Hoping that the Almighty may prolong your life, and bestow upon you his choicest blessings; that you may be able for many years to come, as you have done hitherto, to labour zealously, and effect Much good in the cause of our holy Religion, I subscribe myself,

Your very obedient servant,  
Henry Mack.
Cincinnati, June 8, 1852.
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Note.—We insert cheerfully Mr. Mack’s letter, which gives so pleasing an account of the progress of the congregation to which he is attached; but we would call his attention to the brief statement at the bottom of page 47 of this volume, which will prove to him that we had not forgotten the existence of the school, of which he speaks with such hopeful terms, in which we trust he may not be disappointed.—Mr. M. must pardon us one remark, that it seems strange to us that be has overlooked the services of the Rev. James B. Gutheim, whose preliminary labours have most assuredly paved the way for the, perhaps, more successful exertions of Mr. Rosenfeld. Mr. G. needs not our defence; for his present position is every way a proud one; to be loved by a numerous and growing constituency, and to be re-elected without any solicitation, prove that he is not inferior to any now in the ranks of our ministry. We sincerely wish Mr. Rosenfeld ample success, a thousand fold more than he has yet met with; but we are sure that he himself does not desire to assume the appearance of being the first, when there was so able a labourer before him. May Israel have many, very many more, and may our eyes see it, who can and are willing to labour in the good cause; they are all needed, and all will be amply employed, so soon as their merits are known.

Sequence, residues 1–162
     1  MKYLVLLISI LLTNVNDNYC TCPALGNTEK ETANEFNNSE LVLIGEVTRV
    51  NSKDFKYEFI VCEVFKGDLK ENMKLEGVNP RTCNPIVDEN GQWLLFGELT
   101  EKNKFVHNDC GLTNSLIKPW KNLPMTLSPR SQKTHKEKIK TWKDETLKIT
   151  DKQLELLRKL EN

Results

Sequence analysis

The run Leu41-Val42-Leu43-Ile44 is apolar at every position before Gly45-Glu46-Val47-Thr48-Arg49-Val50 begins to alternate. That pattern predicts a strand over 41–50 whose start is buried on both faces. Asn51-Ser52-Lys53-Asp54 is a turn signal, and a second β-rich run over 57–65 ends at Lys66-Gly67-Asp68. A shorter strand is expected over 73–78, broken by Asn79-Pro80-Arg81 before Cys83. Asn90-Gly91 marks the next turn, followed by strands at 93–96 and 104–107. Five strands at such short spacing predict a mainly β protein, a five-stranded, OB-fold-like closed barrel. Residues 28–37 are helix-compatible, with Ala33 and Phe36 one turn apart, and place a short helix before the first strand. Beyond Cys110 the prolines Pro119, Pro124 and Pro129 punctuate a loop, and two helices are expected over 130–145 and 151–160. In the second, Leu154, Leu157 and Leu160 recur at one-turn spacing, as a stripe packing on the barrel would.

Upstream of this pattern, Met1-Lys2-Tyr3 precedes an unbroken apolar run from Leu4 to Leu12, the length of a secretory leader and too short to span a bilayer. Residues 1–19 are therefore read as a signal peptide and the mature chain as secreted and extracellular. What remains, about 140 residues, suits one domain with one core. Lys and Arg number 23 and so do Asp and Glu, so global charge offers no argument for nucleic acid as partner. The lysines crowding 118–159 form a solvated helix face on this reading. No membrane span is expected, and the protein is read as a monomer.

We have also received a remonstrance in regard to a remark we made, that some pious persons had opposed the Sunday school of which Mr. Mack’s letter likewise speaks. Two of the gentlemen alluded to, have written to us, that they opposed it, because they had asked for the use of the Synagogue room on Sabbath afternoon to teach Hebrew to those who do not attend the Sunday school, considering that the holy day of rest could not be better employed, than in diffusing a knowledge of the sacred language and our laws, and were refused a compliance with their request. We are deeply pained at this difference of opinion, and yet more, that it has led to a little unpleasantness of feeling. We had the pleasure of making the personal acquaintance of several of the gentlemen in question, during our brief visit to Cincinnati, and cannot help thinking, that it requires but a little mutual yielding to unite them all in the glorious cause of the regeneration of that portion of Israel scattered in and around the queen city of the West. Will they then listen to our publicly given advice, and unite hand and heart in the glorious work? Why should a slight misapprehension divide hearts that should beat in unison? We know well enough that sectional jealousies arising from a difference of our birthplace, early habits, and early associations, are great drawbacks to a thorough union of Israelites; but in the name <<223>> of our common religion, let us cease to call each other “bigots,” or “new lights,” or other terms of reproach, which littleness of mind is so ready to invent. We have at last all but one aim, “the promotion of the good cause;” at all events, we all employ this magical phrase; let us then show that we are in earnest, and our enemies will be confounded when they see the Jews united for Israel's God, and Israel’s Law, and Israel’s sons. Come, brothers! meet as friends who hare been estranged and been again united in peace, in God’s cause, for God’s sake; you are all able to effect much good by union; but you are powerless if you are divided.

Finally, we would state, that our exhortation to establish general schools, was not because we were ignorant of the existence of the Talmud Yelodim Institute, but because we wished to see all other congregations, not to rest satisfied till they have each such a seminary, and till all Jewish children shall have an opportunity in this free land to acquire, daily, a knowledge of our holy language and religion, so that a person who is a Jew, ignorant of these most important matters, shall not be found. And we are glad to say, that the desire is at length aroused, and we trust that it may lead to action and to many glorious results.—Ed. Oc.